Public health officials today announced that Haiti has received its first shipment of oral cholera vaccine in response to an outbreak that has grown to more than 13,000 suspected cases, plus 283 deaths. The World Health Organization (WHO) notes that the disease is spreading amid a multifaceted humanitarian crisis with escalating gang violence and political upheaval.
With the support of the WHO's Pan American Health Organization (PAHO), Haiti today received around 1.17 million doses of oral cholera vaccine, PAHO said in a news release. The vaccine, Evichol, was provided by the International Coordinating Group on Vaccine Provision (IGC), which manages the global cholera vaccine stockpile.
"Haiti has experience in managing cholera, but the fragile security situation has slowed down response efforts, so the arrival of these vaccines is most welcome," PAHO Director Carissa F. Etienne, MBBS, said. "PAHO has been working with Haiti since the resurgence of cholera and will continue to support the national authorities to quickly distribute vaccines, monitor cases and provide life-saving care."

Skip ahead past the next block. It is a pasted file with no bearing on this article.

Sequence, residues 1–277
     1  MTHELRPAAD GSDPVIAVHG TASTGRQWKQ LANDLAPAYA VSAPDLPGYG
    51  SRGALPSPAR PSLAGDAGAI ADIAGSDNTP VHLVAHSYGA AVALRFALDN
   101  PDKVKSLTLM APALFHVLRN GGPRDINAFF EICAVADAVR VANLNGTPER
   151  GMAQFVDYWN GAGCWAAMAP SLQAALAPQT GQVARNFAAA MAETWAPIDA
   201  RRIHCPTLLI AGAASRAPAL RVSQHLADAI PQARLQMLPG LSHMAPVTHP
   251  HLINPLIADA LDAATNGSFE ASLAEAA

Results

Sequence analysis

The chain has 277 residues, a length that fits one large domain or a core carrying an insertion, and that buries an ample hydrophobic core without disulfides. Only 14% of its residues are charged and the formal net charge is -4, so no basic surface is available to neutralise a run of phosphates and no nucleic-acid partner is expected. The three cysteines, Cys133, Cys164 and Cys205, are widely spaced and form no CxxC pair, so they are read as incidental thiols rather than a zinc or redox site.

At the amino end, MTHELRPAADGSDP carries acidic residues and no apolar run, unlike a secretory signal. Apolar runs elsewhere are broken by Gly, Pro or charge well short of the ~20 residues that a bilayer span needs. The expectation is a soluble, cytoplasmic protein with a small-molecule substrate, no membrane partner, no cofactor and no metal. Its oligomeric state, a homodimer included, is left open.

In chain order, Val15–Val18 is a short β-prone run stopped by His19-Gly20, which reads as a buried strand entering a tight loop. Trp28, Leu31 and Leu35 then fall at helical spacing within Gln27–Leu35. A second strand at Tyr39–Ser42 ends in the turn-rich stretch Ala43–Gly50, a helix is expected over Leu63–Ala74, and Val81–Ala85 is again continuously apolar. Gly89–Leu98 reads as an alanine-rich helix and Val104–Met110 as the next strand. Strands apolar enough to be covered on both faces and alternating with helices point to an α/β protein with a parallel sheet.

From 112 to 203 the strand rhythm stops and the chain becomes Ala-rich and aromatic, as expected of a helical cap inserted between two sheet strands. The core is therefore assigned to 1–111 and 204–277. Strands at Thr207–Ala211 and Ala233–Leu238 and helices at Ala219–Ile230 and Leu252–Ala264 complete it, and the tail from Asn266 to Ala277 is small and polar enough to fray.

Haiti has experience in managing cholera.
The WHO recommends vaccination in combination with other measures, particularly water, sanitation, and hygiene steps.
Deaths approach 300
Haiti first reported the outbreak on Oct 2, after more than 3 years with no reported cases, the WHO said in an update today. Officials have now tallied 13,672 suspected cases across the country and 283 deaths, for a case-fatality rate of 2.1%. Among those patients (59% male), 11,751 (86%) have required hospitalization.
Officials have confirmed 1,193 cholera cases. Two departments account for 92% of the reported confirmed cases: Ouest (79%) and Centre (13%).
"There is also an ongoing complex humanitarian crisis that is rapidly deteriorating due to gang violence, socio-political conflicts, insecurity, fuel shortages, and economic instability," the WHO said. "This has resulted in limited access to healthcare and essential services."